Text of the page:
People are ready for a change
America, while paying more per capita on health care than any other nation, is the only industrialized country not offering universal health care as a right for all citizens.
A 2005 Pew Research study found that 65 percent of all Americans favor the government guaranteeing health insurance for all citizens, even if it means raising taxes. A similar poll in Minnesota found an even stronger preference for guaranteed health care.
Most physicians favor universal health care. They see how harmful the profit-based system is to the individuals it is intended to serve. Medical specialists such as neurologists, cardiologists and oncologists are concerned by the growing numbers of patients who cannot obtain needed tests, medications and procedures because they simply don’t have the resources to pay for them. One specialist told me that he has attempted to waive fees or reduce charges for patients but that legally binding hospital regulations prevent them from doing so. Often, patients referred to a specialist by a general practitioner cannot follow through because insurance companies block their access.
Repeated cuts in Medicare and Medicaid reimbursements to physicians has put a greater strain on their ability to accept new patients, as well as added to restrictions on time spent with patients. Because of complex coding and reimbursement rules, neurologists are reimbursed more for treating a migraine patient than they are for treating a patient with Alzheimer’s.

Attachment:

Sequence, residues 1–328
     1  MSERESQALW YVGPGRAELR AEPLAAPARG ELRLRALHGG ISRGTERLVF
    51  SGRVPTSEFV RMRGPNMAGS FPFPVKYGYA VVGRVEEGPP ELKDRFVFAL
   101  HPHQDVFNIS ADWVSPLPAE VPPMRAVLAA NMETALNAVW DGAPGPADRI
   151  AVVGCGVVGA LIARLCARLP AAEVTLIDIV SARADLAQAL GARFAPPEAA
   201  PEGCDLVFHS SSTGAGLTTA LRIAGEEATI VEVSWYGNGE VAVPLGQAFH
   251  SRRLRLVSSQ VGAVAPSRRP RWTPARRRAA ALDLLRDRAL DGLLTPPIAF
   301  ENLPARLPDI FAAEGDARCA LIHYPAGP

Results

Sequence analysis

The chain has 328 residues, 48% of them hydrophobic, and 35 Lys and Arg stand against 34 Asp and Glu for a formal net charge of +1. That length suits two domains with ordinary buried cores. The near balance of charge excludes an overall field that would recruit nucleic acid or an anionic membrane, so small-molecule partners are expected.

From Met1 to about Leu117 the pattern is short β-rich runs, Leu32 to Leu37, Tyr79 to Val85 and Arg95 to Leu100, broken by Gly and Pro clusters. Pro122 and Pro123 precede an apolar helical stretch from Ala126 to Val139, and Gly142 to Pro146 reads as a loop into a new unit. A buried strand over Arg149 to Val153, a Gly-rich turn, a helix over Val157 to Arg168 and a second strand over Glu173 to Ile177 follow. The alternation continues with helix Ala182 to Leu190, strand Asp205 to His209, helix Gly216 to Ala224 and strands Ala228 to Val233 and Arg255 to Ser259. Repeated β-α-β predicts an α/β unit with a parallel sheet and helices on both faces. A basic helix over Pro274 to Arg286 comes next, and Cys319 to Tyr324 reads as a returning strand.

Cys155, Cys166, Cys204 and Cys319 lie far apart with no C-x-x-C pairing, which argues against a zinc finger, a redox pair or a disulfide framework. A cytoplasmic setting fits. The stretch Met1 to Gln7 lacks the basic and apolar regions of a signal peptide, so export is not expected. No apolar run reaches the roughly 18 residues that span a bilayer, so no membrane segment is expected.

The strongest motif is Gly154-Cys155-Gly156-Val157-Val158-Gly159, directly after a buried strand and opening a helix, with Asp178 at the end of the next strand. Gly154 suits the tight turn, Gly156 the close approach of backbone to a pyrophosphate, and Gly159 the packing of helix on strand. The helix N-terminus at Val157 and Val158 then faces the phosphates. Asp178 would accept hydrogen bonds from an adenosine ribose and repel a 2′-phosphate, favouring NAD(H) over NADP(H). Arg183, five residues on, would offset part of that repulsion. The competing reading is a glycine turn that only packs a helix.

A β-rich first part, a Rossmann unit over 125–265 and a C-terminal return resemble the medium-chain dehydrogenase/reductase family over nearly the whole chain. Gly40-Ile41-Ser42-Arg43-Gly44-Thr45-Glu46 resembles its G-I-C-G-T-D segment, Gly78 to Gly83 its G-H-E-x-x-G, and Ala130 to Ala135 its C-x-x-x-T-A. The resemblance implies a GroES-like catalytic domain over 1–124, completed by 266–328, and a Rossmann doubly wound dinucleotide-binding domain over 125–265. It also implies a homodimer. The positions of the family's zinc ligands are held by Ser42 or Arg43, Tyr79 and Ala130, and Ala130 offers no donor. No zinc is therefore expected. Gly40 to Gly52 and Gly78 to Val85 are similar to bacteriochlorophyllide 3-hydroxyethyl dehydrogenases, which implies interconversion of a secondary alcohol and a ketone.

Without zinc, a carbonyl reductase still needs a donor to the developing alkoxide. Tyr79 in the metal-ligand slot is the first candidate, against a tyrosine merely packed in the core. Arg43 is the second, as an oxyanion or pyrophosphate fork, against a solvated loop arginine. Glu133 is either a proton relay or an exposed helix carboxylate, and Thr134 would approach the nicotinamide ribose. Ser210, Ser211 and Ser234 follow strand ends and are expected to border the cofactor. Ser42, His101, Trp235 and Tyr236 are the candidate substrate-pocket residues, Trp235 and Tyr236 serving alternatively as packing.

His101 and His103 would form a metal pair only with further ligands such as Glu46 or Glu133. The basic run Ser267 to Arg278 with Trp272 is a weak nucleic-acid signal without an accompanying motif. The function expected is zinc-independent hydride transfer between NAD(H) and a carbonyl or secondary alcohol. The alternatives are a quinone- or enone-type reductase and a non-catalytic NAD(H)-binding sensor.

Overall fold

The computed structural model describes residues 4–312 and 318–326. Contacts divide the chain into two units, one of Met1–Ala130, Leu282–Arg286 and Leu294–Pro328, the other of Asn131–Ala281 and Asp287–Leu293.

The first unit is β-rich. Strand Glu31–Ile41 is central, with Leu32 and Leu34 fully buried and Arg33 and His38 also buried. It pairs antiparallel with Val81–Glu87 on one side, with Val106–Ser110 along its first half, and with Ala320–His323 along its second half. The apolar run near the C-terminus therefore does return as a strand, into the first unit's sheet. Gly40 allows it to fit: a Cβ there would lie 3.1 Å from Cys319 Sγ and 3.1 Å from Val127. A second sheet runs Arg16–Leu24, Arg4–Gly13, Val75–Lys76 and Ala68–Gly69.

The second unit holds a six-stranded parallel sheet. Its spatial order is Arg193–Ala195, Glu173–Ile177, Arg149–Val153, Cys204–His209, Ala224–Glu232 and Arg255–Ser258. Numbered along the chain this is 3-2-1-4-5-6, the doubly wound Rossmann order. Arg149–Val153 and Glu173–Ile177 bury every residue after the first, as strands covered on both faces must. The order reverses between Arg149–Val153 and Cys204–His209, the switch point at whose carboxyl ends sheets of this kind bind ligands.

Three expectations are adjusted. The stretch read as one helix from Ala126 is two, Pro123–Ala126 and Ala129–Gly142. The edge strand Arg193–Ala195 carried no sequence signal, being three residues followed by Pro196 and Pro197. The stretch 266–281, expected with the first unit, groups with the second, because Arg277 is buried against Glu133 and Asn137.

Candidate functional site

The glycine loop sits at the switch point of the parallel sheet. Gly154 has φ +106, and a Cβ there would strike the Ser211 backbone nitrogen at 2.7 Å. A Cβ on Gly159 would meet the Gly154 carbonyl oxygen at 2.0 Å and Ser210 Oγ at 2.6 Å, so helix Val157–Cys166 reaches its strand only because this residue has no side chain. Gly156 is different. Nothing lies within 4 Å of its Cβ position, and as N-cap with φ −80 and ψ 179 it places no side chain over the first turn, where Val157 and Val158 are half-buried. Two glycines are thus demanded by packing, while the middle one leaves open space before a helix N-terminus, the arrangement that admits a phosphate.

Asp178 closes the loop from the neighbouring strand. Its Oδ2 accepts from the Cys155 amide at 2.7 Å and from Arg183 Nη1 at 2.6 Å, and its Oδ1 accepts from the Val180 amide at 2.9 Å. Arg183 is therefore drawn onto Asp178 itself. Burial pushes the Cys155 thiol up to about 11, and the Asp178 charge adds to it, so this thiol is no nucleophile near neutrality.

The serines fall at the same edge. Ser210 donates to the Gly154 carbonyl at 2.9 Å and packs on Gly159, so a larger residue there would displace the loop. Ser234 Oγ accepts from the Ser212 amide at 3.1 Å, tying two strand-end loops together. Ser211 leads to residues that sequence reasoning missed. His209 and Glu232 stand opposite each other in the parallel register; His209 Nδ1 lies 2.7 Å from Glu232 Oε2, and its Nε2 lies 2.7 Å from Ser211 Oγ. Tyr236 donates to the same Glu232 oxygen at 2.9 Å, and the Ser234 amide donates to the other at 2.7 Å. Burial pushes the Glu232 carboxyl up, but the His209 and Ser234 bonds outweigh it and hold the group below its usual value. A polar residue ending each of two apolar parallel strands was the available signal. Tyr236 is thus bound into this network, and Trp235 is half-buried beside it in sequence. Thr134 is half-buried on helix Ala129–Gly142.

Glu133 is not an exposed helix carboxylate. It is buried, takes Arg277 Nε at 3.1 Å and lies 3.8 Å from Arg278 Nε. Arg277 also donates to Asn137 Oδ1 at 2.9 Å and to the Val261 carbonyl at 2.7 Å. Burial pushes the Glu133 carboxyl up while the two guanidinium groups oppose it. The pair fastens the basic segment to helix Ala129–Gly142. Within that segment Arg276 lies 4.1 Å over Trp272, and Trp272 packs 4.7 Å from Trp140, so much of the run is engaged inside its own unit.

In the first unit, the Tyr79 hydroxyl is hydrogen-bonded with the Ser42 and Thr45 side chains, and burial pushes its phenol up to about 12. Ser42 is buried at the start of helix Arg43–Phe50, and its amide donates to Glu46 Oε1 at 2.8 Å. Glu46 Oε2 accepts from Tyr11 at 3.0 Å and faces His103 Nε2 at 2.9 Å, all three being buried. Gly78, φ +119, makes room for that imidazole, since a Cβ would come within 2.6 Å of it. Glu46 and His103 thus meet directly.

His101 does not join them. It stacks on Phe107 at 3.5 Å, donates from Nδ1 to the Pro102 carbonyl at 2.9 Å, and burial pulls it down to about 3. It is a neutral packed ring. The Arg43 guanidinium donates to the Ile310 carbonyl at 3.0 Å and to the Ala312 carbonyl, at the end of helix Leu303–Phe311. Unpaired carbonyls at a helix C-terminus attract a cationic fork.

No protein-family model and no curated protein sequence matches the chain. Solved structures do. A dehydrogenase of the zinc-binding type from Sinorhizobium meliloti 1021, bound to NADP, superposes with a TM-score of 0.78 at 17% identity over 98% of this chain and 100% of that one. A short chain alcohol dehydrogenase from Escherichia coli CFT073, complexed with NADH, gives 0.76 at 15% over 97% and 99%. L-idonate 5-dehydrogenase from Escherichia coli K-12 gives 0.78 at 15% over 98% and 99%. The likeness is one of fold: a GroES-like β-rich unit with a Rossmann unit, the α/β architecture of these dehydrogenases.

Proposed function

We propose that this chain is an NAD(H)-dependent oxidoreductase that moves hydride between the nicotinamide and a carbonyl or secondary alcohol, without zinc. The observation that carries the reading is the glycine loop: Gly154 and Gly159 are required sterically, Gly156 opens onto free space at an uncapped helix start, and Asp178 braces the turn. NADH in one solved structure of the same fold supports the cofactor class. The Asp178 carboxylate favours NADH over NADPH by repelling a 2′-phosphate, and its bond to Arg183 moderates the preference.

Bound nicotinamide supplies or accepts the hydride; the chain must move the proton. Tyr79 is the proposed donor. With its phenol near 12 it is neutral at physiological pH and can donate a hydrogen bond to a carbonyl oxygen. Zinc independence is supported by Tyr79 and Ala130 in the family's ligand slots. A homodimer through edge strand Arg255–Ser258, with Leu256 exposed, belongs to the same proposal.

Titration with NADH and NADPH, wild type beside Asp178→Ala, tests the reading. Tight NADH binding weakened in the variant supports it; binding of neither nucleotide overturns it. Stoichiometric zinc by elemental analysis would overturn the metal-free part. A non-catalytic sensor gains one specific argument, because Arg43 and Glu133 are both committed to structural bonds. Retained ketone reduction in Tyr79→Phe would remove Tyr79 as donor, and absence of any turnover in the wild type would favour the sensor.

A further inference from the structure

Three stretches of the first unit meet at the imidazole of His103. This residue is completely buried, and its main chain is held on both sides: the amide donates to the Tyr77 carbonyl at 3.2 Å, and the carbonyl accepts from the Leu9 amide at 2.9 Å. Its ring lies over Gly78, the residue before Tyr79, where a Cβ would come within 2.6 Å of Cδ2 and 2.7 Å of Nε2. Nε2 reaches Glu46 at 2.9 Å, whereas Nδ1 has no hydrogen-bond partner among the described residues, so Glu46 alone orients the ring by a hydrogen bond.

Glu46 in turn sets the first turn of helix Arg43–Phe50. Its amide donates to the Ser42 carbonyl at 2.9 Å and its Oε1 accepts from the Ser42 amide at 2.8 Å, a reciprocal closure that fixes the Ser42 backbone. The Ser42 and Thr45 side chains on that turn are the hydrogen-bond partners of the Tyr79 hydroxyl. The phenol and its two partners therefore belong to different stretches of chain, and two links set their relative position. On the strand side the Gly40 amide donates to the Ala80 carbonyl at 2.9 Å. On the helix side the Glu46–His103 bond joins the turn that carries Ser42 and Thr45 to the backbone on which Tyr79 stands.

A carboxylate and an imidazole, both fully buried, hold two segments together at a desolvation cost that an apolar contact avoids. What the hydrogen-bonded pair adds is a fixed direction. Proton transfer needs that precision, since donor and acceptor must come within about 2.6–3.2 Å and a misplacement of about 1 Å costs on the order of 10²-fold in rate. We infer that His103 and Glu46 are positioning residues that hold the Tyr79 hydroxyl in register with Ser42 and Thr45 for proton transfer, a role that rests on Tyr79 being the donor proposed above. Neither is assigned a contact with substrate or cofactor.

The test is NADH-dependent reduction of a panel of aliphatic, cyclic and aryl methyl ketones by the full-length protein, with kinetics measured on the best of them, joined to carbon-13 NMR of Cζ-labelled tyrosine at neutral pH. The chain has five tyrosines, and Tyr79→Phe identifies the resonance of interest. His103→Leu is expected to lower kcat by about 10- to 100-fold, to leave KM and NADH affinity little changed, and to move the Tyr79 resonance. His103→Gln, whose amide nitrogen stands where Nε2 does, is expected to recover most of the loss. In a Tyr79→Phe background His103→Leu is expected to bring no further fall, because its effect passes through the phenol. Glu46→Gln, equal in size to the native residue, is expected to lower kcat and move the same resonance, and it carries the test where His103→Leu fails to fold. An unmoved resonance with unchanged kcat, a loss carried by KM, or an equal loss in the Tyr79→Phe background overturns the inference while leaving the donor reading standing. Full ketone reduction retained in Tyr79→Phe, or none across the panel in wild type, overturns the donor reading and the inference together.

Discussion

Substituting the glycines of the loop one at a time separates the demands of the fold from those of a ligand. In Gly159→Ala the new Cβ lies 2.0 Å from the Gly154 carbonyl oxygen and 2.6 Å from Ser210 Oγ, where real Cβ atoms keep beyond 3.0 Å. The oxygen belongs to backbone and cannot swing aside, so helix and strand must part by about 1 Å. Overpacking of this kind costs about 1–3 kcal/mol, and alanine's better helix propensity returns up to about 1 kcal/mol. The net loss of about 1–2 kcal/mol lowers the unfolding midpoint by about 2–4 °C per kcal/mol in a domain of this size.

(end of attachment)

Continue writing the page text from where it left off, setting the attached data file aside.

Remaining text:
Because they must deal with insurance company billing, physicians know better than any of us where the inefficiencies are.
Continued privatizing of health care delivery isn’t the answer
State government provides public safety through law enforcement and fire departments; education through public schools; and transportation infrastructure through the highway system, but does not guarantee basic health care for all of its citizens. Is shifting state tax dollars toward a handful of companies to administer various programs really worth the inefficiencies, the revenue drain on state budgets, and the anxiety of living without health care?
Kathy Stone is a St. Paul-based writer who has covered the business of health care, health policy, and science and consumer health news for nearly two decades. Her bi-weekly column, Health Politics, will comment on health care trends and their impact on real people. Send us ideas for health topics that you’d like Kathy to cover at firstname.lastname@example.org.